Earth Day is Every Day in Palau

Corals exposed during low tide are one of nature's playgrounds for local children. Photo by Monica Medina.

This week, I have traveled thousands of miles to the small Pacific island nation of Palau to help them celebrate Earth Day. I am here specifically for the world premiere of the National Geographic documentary film about the Pristine Seas expedition to Palau that took place last September. The film, entitled “Return to Paradise,” brings to life Palau’s pristine and resource rich marine environment and its unique traditions and culture. The film, like the country and its way of life, is gorgeous.

Corals exposed during low tide are one of nature’s playgrounds for local children. Photo by Monica Medina.

One of Palau’s most enduring traditions is a bul, which loosely means to give the natural resources of an area a “rest” from being harvested so that they can replenish themselves. Bul has recently become the rallying cry of Palauans favoring a bold proposal to create a marine sanctuary covering approximately eighty percent of the nation’s waters – nearly 500,000 square kilometers in size. Palauans see it as part of their sacred responsibility to pass on the riches of their natural environment to future generations, rather than squander them for a quick buck. Their symbol for the sanctuary movement is a graphic of a traditional wood carving, with fish and other marine life spelling out BUL.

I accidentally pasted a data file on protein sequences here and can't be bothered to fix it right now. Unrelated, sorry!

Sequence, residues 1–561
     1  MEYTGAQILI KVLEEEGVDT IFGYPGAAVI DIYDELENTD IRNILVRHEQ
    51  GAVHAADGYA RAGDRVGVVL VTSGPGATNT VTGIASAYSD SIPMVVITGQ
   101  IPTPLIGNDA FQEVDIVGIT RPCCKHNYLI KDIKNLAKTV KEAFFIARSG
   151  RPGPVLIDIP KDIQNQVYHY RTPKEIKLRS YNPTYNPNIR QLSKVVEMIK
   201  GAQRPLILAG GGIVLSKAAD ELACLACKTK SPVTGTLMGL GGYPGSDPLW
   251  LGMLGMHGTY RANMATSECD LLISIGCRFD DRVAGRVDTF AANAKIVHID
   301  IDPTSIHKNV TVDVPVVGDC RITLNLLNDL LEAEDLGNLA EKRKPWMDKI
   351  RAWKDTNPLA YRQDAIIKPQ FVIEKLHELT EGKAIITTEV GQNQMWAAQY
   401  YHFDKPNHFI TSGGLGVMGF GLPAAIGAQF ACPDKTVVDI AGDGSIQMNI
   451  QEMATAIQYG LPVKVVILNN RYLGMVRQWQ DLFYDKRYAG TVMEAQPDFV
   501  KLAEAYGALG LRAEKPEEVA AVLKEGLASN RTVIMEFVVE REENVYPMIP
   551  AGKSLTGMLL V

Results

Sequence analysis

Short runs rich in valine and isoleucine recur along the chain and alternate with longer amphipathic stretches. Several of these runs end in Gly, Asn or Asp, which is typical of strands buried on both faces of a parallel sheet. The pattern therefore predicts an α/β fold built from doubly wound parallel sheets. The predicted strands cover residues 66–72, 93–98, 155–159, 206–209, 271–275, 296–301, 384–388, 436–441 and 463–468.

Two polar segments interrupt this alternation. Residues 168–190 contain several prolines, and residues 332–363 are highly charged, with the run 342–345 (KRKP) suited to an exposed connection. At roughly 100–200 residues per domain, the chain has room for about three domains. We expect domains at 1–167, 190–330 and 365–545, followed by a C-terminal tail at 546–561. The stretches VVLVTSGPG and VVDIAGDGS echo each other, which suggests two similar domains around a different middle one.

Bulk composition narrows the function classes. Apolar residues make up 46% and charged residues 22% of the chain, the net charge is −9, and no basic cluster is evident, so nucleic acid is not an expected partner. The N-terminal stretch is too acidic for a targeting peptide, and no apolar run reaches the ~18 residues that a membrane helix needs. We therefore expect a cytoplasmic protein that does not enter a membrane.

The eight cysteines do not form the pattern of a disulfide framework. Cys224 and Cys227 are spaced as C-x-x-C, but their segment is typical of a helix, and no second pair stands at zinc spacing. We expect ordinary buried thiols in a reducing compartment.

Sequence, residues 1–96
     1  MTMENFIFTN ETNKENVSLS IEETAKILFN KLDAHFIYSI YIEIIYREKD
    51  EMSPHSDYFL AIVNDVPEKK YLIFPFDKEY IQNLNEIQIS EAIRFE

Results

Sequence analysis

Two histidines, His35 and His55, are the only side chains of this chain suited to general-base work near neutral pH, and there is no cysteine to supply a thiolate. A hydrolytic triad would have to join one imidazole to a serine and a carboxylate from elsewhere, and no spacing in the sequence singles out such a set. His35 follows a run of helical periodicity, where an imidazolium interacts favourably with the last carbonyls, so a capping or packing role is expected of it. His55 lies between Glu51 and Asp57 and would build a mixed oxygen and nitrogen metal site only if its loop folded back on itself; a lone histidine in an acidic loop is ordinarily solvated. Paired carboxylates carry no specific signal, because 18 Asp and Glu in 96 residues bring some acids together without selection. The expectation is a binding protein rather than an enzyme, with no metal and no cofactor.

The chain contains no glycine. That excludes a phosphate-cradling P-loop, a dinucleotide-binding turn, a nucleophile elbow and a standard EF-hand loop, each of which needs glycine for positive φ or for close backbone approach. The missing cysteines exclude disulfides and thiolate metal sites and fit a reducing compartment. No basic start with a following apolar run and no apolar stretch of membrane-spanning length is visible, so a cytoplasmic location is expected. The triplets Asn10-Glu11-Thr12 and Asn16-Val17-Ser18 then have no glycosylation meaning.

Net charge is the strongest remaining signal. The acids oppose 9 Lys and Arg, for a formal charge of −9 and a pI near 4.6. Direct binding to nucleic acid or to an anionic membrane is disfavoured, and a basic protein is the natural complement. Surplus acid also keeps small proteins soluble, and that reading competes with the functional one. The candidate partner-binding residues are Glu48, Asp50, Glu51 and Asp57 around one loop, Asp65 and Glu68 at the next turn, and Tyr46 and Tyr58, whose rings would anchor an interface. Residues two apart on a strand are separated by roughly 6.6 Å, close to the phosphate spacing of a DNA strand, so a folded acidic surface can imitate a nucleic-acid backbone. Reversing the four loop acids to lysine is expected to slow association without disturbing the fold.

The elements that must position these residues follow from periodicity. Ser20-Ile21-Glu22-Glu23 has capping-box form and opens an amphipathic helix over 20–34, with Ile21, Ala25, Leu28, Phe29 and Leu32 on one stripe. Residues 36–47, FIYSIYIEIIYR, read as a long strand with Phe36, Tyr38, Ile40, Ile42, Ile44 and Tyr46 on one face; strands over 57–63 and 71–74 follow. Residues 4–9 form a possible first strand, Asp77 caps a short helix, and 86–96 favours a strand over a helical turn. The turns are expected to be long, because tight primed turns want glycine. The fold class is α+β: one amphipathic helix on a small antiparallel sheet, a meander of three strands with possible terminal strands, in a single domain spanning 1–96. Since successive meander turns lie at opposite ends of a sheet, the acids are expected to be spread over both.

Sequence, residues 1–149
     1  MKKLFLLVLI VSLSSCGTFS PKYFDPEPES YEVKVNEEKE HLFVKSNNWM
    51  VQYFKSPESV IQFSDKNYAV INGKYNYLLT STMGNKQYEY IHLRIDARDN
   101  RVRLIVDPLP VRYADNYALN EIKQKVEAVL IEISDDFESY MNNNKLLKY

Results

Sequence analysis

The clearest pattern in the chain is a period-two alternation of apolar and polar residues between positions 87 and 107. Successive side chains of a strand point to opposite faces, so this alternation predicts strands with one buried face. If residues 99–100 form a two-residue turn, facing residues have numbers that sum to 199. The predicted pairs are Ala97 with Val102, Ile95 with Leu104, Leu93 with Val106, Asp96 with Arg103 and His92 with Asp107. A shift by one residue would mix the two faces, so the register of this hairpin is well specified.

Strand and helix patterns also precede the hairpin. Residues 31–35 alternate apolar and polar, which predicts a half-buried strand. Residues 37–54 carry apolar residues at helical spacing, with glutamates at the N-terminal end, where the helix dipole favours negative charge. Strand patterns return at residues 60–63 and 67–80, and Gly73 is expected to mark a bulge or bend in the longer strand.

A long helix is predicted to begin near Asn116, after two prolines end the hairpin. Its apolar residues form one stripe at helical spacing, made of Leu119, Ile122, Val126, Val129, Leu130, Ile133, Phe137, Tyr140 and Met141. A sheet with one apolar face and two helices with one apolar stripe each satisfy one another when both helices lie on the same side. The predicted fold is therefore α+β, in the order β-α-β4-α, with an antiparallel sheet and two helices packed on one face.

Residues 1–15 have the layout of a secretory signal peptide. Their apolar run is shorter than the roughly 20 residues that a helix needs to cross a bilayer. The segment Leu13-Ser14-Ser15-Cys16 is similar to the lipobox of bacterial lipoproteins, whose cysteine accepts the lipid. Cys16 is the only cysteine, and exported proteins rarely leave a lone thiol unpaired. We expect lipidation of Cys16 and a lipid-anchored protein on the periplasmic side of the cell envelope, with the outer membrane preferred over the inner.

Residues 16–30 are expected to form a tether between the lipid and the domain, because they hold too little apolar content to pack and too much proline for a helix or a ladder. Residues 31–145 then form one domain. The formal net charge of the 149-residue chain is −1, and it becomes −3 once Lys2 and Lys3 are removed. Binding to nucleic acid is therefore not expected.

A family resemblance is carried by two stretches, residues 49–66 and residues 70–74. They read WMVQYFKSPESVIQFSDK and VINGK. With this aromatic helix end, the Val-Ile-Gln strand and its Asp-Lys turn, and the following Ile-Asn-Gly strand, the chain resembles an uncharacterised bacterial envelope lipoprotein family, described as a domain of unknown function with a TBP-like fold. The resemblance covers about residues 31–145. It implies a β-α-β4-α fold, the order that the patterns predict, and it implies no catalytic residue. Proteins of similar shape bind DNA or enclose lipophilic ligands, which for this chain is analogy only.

The pristine waters of Palau. Photo by Monica Medina.
The pristine waters of Palau. Photo by Monica Medina.

At first, Palauans were concerned about limiting fishing and other development in such a large portion of their waters. But with the support of the country’s leaders — President Tommy E. Remengesau, Jr., all the local chiefs, and 13 of the 16 state governors within Palau — the sanctuary movement is growing. Nearly half of Palau’s adult —> Read More

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